- The Washington Times - Friday, December 31, 2004

CHESTERFIELD TOWNSHIP, Mich. — After chugging along for more than a century, Lionel LLC, the venerable maker of model trains, is struggling to stay on track following a nearly $41 million judgment that pushed it into bankruptcy.

The ruling against Lionel, once the world’s biggest toy maker, has exacerbated the company’s existing problems in an industry where there is intense competition for a small and demanding group of customers. Despite the confidence of Lionel’s new management, reviving the company is no easy task in an era of video games and Wal-Mart-style retailing, in which all toy train makers are struggling to appeal to new generations of hobbyists.

And critics say Lionel has let its younger competitors get an edge by failing to aggressively pursue technological innovations.

But Lionel, based in Chesterfield Township, still has one valuable asset smaller rivals can’t claim — a name steeped in tradition. That goes a long way with the adult train enthusiasts who make up the bulk of the industry’s consumers.

Neil Besougloff, editor of Classic Toy Trains magazine, estimates there are about 100,000 to 125,000 toy train hobbyists in the United States and Canada. The more than 60,000 readers of Classic Toy Trains spend an average of $1,400 to $1,500 a year on the hobby, according to the magazine’s surveys.

“The hobbyists today are mostly men in their 50s,” Mr. Besougloff said. “When they grew up in the 1950s, they had Lionel trains and American Flyer trains, and that was their prized toy. … They are to some extent reliving the joys of their childhood.”

So intense is the world of toy trains that Lionel Chief Executive Jerry Calabrese held an online chat three days after the company filed for bankruptcy to slow the rumor mill and assuage fears that Lionel might go under. Mr. Calabrese — who became CEO in October and previously worked for comics heavyweight Marvel Enterprises Inc., a similar hobby-driven business — said he would hold such sessions regularly.

Lionel’s current troubles date back at least to 2000 when MTH Electric Trains, formerly known as Mike’s Train House, sued Lionel. MTH, a one-time Lionel contractor based in Columbia, Md., accused the company of selling trains based on designs stolen from a South Korean manufacturer working for MTH.

In June, a jury in U.S. District Court in Detroit ruled that Lionel should pay $38.6 million to MTH and Lionel supplier Korea Brass Co. should pay $2.2 million.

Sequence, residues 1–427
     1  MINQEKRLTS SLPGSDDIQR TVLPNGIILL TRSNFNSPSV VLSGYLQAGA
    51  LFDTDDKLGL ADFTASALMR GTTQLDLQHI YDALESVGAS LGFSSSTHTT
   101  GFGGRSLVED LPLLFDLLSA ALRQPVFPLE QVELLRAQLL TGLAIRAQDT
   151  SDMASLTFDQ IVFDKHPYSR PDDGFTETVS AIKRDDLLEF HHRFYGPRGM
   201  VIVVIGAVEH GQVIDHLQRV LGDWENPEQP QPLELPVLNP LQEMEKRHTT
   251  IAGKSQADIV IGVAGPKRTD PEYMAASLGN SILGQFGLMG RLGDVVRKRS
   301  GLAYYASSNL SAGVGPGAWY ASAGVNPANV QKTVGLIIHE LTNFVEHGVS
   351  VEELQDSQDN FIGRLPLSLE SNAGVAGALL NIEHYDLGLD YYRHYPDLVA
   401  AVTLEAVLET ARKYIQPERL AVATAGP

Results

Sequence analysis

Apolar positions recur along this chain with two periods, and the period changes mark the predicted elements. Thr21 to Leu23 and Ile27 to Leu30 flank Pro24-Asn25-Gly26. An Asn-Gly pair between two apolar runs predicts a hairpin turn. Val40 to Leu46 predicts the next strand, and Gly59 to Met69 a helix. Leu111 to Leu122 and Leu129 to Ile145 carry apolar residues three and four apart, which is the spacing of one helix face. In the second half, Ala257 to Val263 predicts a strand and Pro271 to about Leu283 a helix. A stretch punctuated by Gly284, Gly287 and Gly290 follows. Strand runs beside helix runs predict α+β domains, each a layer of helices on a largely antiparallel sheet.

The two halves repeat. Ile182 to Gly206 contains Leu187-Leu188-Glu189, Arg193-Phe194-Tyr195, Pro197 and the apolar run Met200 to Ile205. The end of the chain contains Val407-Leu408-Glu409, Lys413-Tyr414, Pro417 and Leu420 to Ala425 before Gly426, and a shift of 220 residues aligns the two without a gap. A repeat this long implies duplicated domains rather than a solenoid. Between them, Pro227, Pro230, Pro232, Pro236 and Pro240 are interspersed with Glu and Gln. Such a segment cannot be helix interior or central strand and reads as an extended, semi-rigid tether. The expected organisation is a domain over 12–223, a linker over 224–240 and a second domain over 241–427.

Lionel denies the accusations, and Mr. Calabrese says he is confident the court decision will be overturned or the award reduced on appeal. In the meantime, Chapter 11 bankruptcy, which Lionel entered last month, protects the company from having to post a bond while the appeal is pending.

Mr. Calabrese insists the court decision is the only reason for the bankruptcy, and that, overall, the company is in good financial health.

“Lionel is having a better year this year than it had last year, which is something I dare any other train company to say,” he said as 2004 ended. As a private company, Lionel does not release earnings information.

Lionel and other toy train companies enjoyed a boom that peaked in 2000. But business slumped as a result of overproduction and of post-September 11 economic uncertainty, Mr. Besougloff said.

George Hoffer, an economist and toy train enthusiast who has studied the industry and testified on behalf of MTH at the trial, said Lionel is to blame for the market glut because it produced trains similar to MTH’s from stolen designs.

Andy Edleman, vice president of marketing at MTH, said MTH had just about caught up to Lionel in market share before 2000. He said Lionel began to slip because it continued to put out the same old models while MTH was pioneering new technology and enhanced realism.

“They have lived off their reputation,” he said.

Mr. Calabrese says Lionel has made more than its share of innovations, but he agreed that MTH and other competitors have forced it to become a better company.

“Lionel is at least 50 percent of the business,” he said. “It’s very easy to become complacent when you’re that big.”

Today, high-tech features such as sophisticated sound systems and digital remote controls are something customers have come to expect.

Meanwhile, Lionel and other companies are struggling to expand their customer base. Their primary customers aren’t getting any younger, and if the industry is to survive into the future, they need to bring children back to the hobby.

Today’s generation doesn’t have the same fascination with trains that children used to have. The popularity of train-themed stories and toys for preschoolers, such as Thomas the Tank Engine.

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